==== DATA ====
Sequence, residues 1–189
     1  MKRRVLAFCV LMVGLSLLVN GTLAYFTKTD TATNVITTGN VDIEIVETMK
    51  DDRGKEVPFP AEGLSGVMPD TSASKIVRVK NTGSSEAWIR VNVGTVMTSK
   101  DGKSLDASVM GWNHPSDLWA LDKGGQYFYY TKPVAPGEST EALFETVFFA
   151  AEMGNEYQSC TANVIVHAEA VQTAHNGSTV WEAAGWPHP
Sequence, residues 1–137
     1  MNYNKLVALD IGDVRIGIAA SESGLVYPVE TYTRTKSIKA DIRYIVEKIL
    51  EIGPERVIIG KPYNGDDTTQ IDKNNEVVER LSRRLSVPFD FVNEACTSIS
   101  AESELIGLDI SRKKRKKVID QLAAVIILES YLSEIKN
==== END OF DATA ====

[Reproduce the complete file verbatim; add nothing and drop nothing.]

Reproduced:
Sequence, residues 1–189
     1  MKRRVLAFCV LMVGLSLLVN GTLAYFTKTD TATNVITTGN VDIEIVETMK
    51  DDRGKEVPFP AEGLSGVMPD TSASKIVRVK NTGSSEAWIR VNVGTVMTSK
   101  DGKSLDASVM GWNHPSDLWA LDKGGQYFYY TKPVAPGEST EALFETVFFA
   151  AEMGNEYQSC TANVIVHAEA VQTAHNGSTV WEAAGWPHP
Sequence, residues 1–137
     1  MNYNKLVALD IGDVRIGIAA SESGLVYPVE TYTRTKSIKA DIRYIVEKIL
    51  EIGPERVIIG KPYNGDDTTQ IDKNNEVVER LSRRLSVPFD FVNEACTSIS
   101  AESELIGLDI SRKKRKKVID QLAAVIILES YLSEIKN